By Josh Porter
Begin with prayer (5 minutes)
Gather together as a Community in a comfortable setting (around a table, on the couch, the floor of a living room, etc.). Have somebody lead a prayer asking the Holy Spirit to lead and guide your time together.
Debrief the teaching in triads (5 minutes)
If you are in a Community of seven or more, divide into small groups of 3–4 people each (ideally same gender).
Spend a few minutes catching up on life…
Then talk through the following debrief questions:
- Did you complete last week’s practice? If not, how can we help you commit to seeing it through?
- What did you think about the idea of the Bible as “meditation literature”?
Read this overview
We get frustrated with the Bible when we approach it as an encyclopedia—an entirely literal, linear one-size-fits-all manual for life in the modern world. But the Bible wasn’t designed as a convenient reference manual or as a textbook. The Bible describes itself as a library designed for a lifetime of ongoing meditation. For this, the way of Jesus proposes the ancient spiritual discipline of Lectio Divina.
Lectio divina is not a new method of Bible Study. Whereas study of the Bible sets its focus on learning, lectio divina is an ancient time-tested method of meeting God in the Scriptures. In doing so, the disciple allows the Scriptures (in cooperation with the Spirit) to lead the reader into further intimacy with God as they move slowly, carefully, and repeatedly through the text. The practice consists of five distinct movements:
1) Preparing to meet with God
2) Reading (lectio)
3) Reflection (meditatio)
4) Response (oratio)
5) Rest (contemplatio)
Talk about the coming week’s practice as a Community (10-30 minutes)
Having established a time and place that are both quiet and free from distraction, set aside 3-5 times this week to practice lectio divina.
Any passage of Scripture can be utilized for the practice of lectio divine. Here are a few suggestions with which to start:
- Psalm 23
- Psalm 100
- John 15v1-17
- Romans 12
After selecting one passage, read and move slowly through each of the five movements of spiritual reading.
- Prepare to meet with God: Turn your phone off and leave it another room. Situate yourself comfortably in a quiet, solitary place. Calm your body and quiet your mind before God as you work to prepare your heart to receive what God has spoken through the text, and to respond accordingly. Finally, invite the Holy Spirit to guide your thinking and feeling as you read.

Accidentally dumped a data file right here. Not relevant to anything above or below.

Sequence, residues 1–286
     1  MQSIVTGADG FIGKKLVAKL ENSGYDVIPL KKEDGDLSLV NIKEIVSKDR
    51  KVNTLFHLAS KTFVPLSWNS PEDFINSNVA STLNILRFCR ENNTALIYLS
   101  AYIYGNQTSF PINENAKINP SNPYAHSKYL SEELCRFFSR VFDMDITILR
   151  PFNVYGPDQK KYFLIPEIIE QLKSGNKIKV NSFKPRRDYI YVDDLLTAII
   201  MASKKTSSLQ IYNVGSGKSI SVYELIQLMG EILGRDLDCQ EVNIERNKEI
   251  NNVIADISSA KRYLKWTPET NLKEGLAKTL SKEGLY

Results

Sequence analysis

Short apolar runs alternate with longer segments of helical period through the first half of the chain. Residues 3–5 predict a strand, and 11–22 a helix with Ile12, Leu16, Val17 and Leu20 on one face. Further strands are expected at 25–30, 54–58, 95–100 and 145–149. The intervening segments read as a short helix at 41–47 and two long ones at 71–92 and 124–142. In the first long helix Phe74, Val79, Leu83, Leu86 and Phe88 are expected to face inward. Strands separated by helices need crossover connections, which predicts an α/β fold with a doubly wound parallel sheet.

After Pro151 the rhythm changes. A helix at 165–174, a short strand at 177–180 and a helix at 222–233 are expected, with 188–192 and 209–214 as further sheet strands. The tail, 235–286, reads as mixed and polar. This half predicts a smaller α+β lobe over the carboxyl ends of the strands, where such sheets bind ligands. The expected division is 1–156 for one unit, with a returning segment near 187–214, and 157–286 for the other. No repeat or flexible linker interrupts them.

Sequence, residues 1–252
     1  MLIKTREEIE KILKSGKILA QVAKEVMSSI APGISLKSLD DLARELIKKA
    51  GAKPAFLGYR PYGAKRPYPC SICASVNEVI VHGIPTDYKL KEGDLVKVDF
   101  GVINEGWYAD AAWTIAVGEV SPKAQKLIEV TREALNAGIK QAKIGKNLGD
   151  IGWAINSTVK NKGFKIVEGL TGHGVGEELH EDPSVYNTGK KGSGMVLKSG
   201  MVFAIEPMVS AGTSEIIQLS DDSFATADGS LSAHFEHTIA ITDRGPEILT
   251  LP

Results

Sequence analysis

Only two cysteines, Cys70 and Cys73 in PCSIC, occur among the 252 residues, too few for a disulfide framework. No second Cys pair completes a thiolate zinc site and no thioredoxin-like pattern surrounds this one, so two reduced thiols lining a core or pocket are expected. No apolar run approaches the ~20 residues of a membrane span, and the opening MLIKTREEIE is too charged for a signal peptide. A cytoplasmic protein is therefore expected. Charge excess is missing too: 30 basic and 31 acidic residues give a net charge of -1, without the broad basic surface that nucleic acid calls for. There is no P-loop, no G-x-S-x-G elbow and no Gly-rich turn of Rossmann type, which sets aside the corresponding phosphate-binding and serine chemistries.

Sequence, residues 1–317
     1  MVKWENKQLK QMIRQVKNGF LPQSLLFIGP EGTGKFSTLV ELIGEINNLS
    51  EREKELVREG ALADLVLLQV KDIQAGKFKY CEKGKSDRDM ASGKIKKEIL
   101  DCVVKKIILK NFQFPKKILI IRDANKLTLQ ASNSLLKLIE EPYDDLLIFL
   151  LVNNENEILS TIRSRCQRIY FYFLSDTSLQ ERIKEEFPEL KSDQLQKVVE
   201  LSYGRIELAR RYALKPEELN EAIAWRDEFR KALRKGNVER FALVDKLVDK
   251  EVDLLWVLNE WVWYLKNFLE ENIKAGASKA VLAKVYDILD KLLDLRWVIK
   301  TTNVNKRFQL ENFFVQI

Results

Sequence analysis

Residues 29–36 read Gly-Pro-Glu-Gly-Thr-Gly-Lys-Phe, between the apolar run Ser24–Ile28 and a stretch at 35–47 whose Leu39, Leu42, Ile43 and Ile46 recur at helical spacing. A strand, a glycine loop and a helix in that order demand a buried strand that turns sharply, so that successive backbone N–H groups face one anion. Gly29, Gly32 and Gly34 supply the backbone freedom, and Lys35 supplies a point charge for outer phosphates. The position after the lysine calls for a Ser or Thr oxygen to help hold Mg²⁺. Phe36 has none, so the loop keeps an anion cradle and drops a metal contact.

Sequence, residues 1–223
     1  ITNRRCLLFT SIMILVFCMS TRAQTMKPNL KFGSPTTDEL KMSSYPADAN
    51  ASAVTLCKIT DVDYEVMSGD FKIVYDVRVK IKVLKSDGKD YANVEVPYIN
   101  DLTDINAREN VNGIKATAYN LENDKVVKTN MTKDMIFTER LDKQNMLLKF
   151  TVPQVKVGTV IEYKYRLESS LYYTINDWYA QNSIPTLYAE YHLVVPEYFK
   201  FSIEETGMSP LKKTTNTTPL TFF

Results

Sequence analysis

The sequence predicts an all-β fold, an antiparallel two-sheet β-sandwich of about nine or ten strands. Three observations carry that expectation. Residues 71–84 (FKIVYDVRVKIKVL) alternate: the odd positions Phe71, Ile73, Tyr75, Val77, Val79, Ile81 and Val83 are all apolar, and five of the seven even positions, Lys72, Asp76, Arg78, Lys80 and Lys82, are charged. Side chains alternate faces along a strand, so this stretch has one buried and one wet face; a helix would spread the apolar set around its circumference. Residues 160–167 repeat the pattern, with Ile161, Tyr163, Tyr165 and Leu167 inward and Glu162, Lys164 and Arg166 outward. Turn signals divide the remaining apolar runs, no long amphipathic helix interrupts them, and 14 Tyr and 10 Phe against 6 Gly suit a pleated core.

- Read (lectio): Read the passage slowly and carefully. Take your time. As you move through the text, pay close attention to what words and ideas draw your attention in unique ways. When your focus is drawn to a particular word or thought, pause momentarily to reflect on them.
- Reflect (mediatio): Upon completing the passage, return to the beginning and read again. On your second journey through the text, allow the text to connect with you personally. Which words or phrases assume a particular resonance in your heart, your season of life, your person in this moment. Ask, “What do I need to know, or be, or do in light of the text? What does this mean for my life today?”
- Respond (oratio): Talk to God about your experience. If you’re confused, say that. Moved? Express gratitude to God. Upset? Tell him about it. Compelled to worship? Worship. If the text has brought something else to mind, talk to God about that.
- Rest (contemplatio): Pause to sit in God’s presence before fleeing from the moment. You might express wonder, awe, gratitude, or praise through words, or you might allow yourself to feel and experience these things quietly before God.
Talk through the following discussion questions:
- When you read the Scriptures, do you feel as though you actually meet with and connect with God? Why or why not?
- What makes lectio divina different than a “bible study” or a teaching?
- Which of the steps in Lectio Divina feel the most foreign to your current Practice of Scripture reading? Which do you feel the most excited about?